Staffordshire Boy With Spina Bifida To Be Like Any Other Boy

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Marking Spina Bifida Awareness Week

The mother of a Staffordshire eight-year-old boy living with spina bifida has revealed his biggest challenge was “accepting he was different” as they mark a nationwide campaign.

Leo Keates, from Uttoxeter, was born at Burton Hospital in 2012.  Prior to his birth, his mother Faye Leason had attended all her routine scan appointments and was told everything was “fine.” 

However, shortly after birth, Leo was diagnosed with lipomyelomeningocele, a form of spina bifida.

Following her son’s diagnosis, Faye instructed medical negligence experts at Irwin Mitchell to investigate the care they received under the Burton Hospitals NHS Foundation Trust and whether the condition should have been picked up during pregnancy.

The legal team successfully secured a settlement for Faye in 2017, which will help Leo access the specialist therapies and support he requires.

Faye and Leo are now joining with their lawyers to mark Spina Bifida Awareness Week by raising awareness of the condition and the support available to people affected, in particular through the charity Shine, which provides specialist support from before birth and throughout the life of anyone living with spina bifida.

Expert Opinion

“Leo has not had the easiest of starts to life, and he has had to come to terms with what his spina bifida means for his future.

Through our work, we sadly see many families who face uncertain times due to illnesses and health conditions; we hope that this settlement will make life a little easier for Leo and his family by helping to fund his care, therapy and equipment needs.

Spina Bifida Awareness Week is the perfect opportunity to share their story and make other aware of the support available through the work of the national charity, Shine.”

Guy Forster – Partner

Faye was 20 when she fell pregnant with Leo.  She was referred to Burton Hospital for her maternity care and, at her 12-week scan on 26 October 2011, she was given a due date of 12 May 2012.

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She underwent routine screening tests, involving a blood test to assess her risk of a Down’s syndrome baby and a detailed anomaly scan at 20 weeks gestation to check the health of her baby.  She said she was told everything was “fine.”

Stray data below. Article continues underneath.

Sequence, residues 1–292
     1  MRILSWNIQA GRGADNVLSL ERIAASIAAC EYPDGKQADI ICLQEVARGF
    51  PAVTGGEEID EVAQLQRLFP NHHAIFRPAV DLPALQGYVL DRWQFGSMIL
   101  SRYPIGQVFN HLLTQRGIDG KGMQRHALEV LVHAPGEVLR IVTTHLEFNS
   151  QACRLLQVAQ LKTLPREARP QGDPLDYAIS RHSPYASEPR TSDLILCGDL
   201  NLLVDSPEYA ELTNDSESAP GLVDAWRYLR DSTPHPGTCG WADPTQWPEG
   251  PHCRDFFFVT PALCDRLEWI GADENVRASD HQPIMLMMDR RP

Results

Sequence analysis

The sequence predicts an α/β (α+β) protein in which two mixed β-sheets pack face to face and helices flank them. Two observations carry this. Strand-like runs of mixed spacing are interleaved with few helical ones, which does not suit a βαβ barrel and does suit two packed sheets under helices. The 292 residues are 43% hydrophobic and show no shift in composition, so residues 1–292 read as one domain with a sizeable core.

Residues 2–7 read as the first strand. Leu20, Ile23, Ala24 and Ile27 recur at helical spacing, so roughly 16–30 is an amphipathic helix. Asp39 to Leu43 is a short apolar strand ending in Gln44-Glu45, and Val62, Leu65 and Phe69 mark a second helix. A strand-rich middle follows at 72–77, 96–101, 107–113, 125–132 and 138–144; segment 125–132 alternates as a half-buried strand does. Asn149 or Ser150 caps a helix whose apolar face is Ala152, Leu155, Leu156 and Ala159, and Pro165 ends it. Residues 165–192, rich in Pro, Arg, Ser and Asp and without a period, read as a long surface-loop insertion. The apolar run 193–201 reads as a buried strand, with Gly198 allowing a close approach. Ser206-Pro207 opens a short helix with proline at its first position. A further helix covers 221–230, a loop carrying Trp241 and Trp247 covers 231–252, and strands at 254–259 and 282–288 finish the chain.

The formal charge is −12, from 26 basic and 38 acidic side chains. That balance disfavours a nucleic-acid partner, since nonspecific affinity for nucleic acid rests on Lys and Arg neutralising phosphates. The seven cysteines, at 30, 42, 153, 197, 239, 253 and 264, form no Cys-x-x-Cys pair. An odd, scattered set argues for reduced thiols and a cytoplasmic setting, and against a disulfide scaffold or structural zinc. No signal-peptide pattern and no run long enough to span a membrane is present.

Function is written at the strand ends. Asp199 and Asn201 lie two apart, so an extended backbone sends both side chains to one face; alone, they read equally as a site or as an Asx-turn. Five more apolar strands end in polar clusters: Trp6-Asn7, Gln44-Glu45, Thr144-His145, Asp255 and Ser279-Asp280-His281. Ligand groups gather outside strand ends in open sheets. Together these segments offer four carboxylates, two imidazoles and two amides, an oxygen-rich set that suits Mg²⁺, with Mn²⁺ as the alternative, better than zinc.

Four days after her due date, Faye began leaking fluid and was taken to Burton Hospital and put on a heart rate monitor.  A midwife said her heart rate was dropping, so she was taken to theatre and given a spinal block.  Leo was delivered by caesarean section shortly after.

A lump was found on Leo’s spine and he was examined by a paediatrician.  Faye and her partner, Marc Keates, were advised that their son may have spina bifida, which is described as an anomaly in the development of the spinal cord and surrounding bones leaving a gap in the spine.  The couple were told that Leo needed an MRI scan but that it wouldn’t be carried out until June.

Faye, 29, said: “When we took Leo home, Marc and I did not know what to think.  It was supposed to be a happy time, but we were so worried about Leo.  The wait to see how Leo would develop was unbearable.”

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Leo was given an MRI scan on 1 June, and was diagnosed with lipomyelomeningocele, a type of spina bifida.  He underwent untethering surgery and Faye was told the spina bifida may affect his development and walking, and also cause issues with his bowel and bladder functions.

Faye and Marc received vital support and information from spina bifida charity Shine, and began attending meetings with other families affected by the condition.

Faye added: “At the time of Leo’s diagnosis, we found everything a real struggle.  We just kept thinking why us?

“Shine really helped and we will always be grateful for the support they gave us.

“As he got older, Leo’s biggest challenge was accepting he was different, as he enjoys playing on his Playstation like any other boy his age.  He also plays on an electronic dirtbike in the field behind our house, but it can be difficult for him to keep up with the other children and he will always need that extra support.

“We have shown him videos of Paralympians to prove that there are so many different people in the world with many different disabilities, and the main thing in life is not to let it hold you back from your dreams and what you want to achieve.

“We are devoted to him and are determined to make sure he has the best life possible.”

Spina Bifida Awareness Week runs from 23 to 29 October and is held to raise awareness of the condition and bring the ‘Back to the Front’ of people’s minds.

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